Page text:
Skip to content

How to overcome copywriter’s block when the clock is ticking

As I write this, I'm struggling with copywriter's block. At home this wouldn't be a problem - I'd go for a walk, browse social media for a while, and read a chapter of a book to get my brain working again. But as many of you know, copywriting in a 9-5 environment doesn't afford us those kinds of luxuries, especially when deadlines are looming.

Stuck on a blank page, and starting to panic? I've got your back. Here's my guide to overcoming copywriter's block when the clock is ticking.

Read something

I am referring primarily to web copy and not ad copy, in this blog, as this field is where these tips are most relevant. As copywriters, we can sometimes fall into the trap of becoming too involved with the topic at hand, whether we realise it or not. It’s important to remember that your job is not to become an expert on a topic.

Your skills lie in the communication of a message. Struggling to communicate? Look for examples of excellent communication. Instead of focusing on the content (like the reader will), focus on the craft.

When I’m writing for a particularly uninspiring topic, or (alternatively) one that I am overly interested in, I try to look at my writing in a structural, almost clinical way. To inform my decisions, I’ll hop over to a relevant blog or news site and find an example of the copy I want to emulate.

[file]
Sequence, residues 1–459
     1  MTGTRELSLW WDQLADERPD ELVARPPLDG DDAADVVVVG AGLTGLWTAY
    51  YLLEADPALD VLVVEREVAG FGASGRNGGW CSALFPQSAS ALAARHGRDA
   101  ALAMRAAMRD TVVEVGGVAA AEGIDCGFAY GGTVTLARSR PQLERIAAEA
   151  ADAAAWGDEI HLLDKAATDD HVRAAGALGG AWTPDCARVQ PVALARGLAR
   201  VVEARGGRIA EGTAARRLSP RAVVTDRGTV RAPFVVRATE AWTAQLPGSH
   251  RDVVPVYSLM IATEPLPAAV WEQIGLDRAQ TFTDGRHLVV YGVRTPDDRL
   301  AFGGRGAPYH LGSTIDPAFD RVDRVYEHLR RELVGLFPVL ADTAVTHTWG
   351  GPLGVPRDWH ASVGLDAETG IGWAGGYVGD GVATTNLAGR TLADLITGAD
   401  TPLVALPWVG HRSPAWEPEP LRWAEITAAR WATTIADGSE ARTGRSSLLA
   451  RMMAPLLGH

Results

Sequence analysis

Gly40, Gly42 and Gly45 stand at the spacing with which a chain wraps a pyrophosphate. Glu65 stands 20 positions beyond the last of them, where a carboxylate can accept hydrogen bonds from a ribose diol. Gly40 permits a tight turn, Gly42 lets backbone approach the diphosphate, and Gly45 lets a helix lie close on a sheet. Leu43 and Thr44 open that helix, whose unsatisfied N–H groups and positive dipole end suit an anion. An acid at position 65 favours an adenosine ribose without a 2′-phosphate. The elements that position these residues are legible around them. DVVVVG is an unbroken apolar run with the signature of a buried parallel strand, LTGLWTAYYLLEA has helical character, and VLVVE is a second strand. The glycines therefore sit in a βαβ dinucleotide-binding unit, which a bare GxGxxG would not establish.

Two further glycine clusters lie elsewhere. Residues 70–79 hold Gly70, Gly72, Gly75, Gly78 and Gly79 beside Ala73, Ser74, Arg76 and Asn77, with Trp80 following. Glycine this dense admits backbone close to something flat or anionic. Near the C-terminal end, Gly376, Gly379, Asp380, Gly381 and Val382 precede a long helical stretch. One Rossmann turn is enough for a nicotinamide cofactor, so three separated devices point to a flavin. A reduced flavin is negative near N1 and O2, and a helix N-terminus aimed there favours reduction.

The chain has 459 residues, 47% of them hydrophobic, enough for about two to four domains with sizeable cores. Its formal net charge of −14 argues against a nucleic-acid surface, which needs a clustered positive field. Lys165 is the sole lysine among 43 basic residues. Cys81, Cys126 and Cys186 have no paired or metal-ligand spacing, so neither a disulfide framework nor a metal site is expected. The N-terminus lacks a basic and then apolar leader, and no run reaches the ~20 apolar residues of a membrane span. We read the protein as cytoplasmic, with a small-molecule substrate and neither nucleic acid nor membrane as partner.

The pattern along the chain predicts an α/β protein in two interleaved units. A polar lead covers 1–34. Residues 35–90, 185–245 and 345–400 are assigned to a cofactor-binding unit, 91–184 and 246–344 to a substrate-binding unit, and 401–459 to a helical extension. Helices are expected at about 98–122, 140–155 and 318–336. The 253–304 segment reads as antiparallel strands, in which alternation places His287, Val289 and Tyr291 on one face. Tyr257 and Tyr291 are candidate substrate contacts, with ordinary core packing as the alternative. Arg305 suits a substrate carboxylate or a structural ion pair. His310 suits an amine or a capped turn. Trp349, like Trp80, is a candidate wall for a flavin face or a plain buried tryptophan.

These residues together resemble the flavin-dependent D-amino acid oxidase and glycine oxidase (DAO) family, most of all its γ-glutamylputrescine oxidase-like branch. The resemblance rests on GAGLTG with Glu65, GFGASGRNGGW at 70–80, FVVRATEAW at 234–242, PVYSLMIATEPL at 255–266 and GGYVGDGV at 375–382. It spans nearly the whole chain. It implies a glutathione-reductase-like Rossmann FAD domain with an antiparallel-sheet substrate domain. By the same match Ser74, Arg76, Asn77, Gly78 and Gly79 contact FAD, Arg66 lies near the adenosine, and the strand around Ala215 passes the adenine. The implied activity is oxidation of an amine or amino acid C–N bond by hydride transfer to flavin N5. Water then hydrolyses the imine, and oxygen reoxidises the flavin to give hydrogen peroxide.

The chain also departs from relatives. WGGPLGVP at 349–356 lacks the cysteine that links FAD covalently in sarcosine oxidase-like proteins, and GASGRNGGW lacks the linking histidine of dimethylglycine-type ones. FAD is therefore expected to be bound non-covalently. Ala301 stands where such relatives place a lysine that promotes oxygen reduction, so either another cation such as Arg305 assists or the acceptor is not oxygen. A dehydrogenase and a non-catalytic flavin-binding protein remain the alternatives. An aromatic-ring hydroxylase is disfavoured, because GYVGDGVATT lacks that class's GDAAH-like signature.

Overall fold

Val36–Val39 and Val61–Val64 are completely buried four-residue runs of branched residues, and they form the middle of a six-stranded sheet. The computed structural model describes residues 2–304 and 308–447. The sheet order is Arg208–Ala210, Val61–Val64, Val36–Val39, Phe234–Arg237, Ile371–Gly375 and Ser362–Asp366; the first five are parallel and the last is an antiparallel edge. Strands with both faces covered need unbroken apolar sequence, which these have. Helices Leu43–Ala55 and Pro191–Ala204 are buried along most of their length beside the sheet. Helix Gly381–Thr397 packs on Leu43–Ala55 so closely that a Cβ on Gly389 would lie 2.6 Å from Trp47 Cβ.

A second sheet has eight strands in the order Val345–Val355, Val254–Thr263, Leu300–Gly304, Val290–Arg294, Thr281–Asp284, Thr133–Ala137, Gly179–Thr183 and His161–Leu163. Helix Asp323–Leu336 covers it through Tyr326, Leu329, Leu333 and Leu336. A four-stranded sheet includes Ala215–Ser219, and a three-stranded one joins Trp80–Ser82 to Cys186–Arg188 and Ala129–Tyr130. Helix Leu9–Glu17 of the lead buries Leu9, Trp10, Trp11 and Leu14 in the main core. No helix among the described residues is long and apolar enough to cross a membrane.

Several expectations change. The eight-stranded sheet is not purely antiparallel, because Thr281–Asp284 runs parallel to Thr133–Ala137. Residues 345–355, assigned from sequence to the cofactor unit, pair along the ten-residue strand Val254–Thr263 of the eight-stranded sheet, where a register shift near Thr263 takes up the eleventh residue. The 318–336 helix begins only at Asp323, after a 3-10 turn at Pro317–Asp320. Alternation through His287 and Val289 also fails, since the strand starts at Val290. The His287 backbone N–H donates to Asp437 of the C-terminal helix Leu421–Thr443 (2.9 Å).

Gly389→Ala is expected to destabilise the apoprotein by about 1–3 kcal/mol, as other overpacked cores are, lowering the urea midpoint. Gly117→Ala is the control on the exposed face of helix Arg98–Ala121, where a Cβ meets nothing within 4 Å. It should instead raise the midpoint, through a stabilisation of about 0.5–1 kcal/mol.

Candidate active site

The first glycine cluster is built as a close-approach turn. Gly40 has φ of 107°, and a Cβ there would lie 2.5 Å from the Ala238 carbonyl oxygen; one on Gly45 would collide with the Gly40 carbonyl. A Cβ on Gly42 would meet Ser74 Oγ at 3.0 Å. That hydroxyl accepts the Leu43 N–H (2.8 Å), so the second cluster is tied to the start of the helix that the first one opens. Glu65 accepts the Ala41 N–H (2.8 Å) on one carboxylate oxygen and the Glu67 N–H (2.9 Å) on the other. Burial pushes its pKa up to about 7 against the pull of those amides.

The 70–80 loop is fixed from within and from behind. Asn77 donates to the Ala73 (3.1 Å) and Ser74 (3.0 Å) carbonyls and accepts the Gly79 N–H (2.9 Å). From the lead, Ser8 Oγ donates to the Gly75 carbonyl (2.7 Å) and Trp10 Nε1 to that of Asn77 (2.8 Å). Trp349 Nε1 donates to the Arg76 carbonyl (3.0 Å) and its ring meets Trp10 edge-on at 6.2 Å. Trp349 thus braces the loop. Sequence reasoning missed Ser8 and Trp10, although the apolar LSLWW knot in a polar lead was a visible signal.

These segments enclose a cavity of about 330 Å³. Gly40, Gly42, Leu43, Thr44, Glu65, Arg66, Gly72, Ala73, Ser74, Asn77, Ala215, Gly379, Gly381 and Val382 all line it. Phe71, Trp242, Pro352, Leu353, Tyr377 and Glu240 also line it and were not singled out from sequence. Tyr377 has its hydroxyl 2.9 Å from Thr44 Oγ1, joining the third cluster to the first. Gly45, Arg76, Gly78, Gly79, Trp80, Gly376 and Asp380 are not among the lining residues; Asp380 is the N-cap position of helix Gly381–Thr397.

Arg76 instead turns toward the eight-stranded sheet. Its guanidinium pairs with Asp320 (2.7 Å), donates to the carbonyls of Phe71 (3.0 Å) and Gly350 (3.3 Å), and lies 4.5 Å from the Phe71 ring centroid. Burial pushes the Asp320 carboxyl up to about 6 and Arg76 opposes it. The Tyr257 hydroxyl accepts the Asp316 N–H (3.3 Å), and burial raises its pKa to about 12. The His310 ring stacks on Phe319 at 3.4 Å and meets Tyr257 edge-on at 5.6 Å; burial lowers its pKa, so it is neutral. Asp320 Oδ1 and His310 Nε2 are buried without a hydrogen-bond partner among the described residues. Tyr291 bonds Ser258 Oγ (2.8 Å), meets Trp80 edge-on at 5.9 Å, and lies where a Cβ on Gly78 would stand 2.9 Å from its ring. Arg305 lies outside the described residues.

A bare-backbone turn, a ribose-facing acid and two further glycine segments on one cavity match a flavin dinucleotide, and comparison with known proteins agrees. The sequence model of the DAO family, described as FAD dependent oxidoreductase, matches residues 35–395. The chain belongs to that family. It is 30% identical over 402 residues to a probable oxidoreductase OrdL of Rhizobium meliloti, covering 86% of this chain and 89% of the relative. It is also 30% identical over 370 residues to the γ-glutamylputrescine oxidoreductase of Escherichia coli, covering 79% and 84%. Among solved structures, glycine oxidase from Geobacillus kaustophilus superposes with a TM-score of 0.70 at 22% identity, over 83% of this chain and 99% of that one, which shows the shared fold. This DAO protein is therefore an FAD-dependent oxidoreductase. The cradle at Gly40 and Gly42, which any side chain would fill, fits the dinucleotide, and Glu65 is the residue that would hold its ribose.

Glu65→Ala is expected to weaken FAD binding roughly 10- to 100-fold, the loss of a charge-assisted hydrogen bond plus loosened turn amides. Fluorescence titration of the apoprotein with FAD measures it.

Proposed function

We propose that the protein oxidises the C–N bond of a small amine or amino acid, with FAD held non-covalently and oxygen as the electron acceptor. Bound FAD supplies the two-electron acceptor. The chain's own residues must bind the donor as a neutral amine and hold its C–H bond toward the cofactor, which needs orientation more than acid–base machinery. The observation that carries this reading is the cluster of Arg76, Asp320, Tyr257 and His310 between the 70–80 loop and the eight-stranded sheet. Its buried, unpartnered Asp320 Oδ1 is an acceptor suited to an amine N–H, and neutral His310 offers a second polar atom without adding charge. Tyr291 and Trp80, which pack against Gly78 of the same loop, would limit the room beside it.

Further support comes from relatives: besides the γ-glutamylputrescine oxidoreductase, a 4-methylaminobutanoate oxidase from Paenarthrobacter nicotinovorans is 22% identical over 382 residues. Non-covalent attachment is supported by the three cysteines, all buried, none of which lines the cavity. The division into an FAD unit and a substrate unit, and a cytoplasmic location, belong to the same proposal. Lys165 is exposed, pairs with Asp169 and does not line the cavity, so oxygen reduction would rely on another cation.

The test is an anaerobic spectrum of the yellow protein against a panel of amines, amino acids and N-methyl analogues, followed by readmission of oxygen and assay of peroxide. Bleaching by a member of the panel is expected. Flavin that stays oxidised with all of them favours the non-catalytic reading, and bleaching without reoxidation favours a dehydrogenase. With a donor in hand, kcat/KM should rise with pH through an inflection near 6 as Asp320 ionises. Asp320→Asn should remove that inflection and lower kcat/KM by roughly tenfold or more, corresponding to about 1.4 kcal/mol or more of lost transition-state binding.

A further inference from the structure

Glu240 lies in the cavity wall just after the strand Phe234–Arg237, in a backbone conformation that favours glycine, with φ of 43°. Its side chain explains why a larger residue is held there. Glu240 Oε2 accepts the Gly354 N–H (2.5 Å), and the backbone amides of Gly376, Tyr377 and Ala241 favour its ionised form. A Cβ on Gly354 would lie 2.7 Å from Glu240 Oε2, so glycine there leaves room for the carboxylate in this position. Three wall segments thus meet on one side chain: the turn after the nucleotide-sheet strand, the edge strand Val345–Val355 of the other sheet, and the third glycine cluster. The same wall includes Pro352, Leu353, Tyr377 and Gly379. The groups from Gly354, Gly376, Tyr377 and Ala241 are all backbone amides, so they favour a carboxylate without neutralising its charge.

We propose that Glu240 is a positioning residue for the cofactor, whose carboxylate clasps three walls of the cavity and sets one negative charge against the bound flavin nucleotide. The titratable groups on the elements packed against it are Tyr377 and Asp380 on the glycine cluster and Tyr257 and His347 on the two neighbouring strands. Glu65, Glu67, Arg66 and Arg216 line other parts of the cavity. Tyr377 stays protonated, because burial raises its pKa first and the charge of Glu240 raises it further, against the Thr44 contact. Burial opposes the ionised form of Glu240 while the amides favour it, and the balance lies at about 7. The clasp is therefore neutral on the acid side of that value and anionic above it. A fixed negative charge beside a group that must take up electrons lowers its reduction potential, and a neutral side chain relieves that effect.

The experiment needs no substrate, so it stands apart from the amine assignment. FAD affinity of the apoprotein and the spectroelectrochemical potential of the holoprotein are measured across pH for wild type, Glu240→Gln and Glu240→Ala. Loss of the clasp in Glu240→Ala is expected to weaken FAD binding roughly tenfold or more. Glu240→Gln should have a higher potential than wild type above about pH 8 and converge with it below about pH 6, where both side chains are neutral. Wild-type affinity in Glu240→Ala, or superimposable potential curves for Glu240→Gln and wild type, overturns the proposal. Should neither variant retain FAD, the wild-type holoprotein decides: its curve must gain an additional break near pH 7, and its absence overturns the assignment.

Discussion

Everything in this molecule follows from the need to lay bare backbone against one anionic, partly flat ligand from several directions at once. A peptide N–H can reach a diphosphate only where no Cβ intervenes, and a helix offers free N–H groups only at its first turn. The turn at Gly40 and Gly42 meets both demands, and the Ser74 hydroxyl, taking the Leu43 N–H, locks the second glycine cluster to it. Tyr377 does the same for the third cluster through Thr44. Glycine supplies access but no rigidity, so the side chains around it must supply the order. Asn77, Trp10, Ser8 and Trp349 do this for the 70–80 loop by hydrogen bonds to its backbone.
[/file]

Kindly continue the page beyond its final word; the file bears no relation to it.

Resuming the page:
It helps to find copy focusing on a different topic. This way, you’re only analysing the way it’s written, and not what it’s written about.

Though this tip is relevant for real-time copy struggles and will help when you’re against the clock, I want to stress the importance of reading analytically as often as possible. There’s a reason good readers tend to be better writers – the more you study good examples of writing, the more likely you are to embody these examples in your own work.

Get rid of distractions

Once you’ve established the structure of your copy, get rid of distractions. If you work in an office (albeit small) as I do, you know the temptation to join in with the general chit-chat can greatly impact productivity.

But we copywriters are stereotyped as antisocial – headphones in, coffee black, sentences short and clipped – for a reason… we’re busy! Don’t be afraid to make space for yourself, and commit to getting work done.

Once you’re “in the zone”, so to speak (horribly outdated buzzwords, I know, but they do the job), your focus is paramount to the success of your work. After all, you’re recovering from a bout of copywriter’s block!

And, for those people who insist you can write effectively and take part in conversation simultaneously – ask them to send a text or an email whilst you chat incessantly in their ear. Nine times out of ten, they’ll have started typing what you were saying.

At this point, feel free to get out your most derisive “I told you so,” face, or its most appropriate professional equivalent.

Alternatively: throw on some tunes!

If, like me, you find that you work better with some background noise (not including the chatter from next door), you might want to throw on some music.